When young people tell me what motivated them to advocate for girls' and women's health and rights, their stories are at once heartbreaking and inspiring. For Yemurai Nyoni in Zimbabwe, it was a 12-year-old girl named Tecla who was sold into marriage and contracted HIV. For Mary Mwende in Kenya, it was the violence of male-dominated politics that she witnessed as a child in the slums of Mombasa. When faced with injustice, these young leaders took action to improve the world around them -- and their stories, in turn, inspire others. Read more...

It’s All Possible: We Have the Solution in Our Hands!

By: Martin E. Wanzala, Uganda

As deliberations on the post-2015 development agenda at the 3rd PMNCH Partners’ Forum here in Johannesburg, South Africa gain momentum, it is a great opportunity for young people to ensure that their voices are heard when and where it matters most.

The post-2015 development discussion is one of the most important debates of our time. The global framework that world leaders agree upon in 2015 will guide all future government policies and spending on social and economic development in both developed and developing countries. Read more...

Let’s Go Deeper into Remote Areas for the Post-2015 Development Goals

By: Mary Mwende, Kenya

The first day of the PMNCH Partners’ Forum was an exciting one. I have listened to all of the sessions with keen interest. The forum is a fountain of knowledge and information, with every sentiment converging at the same point. The unity of thought clamors for one common goal - to create a better and healthier world for mothers and newborns around the world, particularly for those who are most vulnerable and impoverished.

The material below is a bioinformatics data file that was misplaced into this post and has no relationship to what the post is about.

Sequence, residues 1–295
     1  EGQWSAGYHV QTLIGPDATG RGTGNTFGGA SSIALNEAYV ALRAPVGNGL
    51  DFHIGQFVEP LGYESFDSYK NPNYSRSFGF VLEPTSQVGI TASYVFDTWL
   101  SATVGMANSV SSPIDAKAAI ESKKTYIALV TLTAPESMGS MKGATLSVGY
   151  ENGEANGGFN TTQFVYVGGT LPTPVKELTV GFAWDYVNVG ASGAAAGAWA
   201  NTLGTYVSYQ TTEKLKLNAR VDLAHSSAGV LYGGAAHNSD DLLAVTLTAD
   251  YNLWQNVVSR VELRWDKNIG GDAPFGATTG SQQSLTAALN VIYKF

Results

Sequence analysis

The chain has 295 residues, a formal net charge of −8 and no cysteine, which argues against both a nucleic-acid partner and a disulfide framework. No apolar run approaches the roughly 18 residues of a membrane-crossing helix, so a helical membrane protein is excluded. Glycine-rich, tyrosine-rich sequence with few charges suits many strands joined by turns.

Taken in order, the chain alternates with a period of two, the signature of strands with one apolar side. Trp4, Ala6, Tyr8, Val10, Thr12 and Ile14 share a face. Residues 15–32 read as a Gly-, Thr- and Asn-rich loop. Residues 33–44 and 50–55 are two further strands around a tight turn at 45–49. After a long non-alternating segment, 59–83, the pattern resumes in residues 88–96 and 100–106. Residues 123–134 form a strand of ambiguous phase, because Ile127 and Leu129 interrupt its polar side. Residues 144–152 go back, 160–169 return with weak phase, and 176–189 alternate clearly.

I agree with all of this and hope it will be achieved.

As we discussed during the youth pre-forum yesterday, there is a lot left to achieve when it comes to Millennium Development Goals 4 and 5. More young people have to be meaningfully involved to continue making progress. A drive to create change among youth must be led by the young! Regrettably, the most afflicted youth - particularly girls - are seldom involved in these conversations. Read more...

Young People Engage in a New Challenge – Everybody Counts

By: Gonzalo Nicolas Infante Grandon, Chile

It was with great momentum that the PMNCH Partner’s Forum began yesterday in Johannesburg, kicking off with a Youth Pre-Forum and NGO constituency meetings.  This year, unlike other years, young people are part of the discussions and contributions fostered by the forum.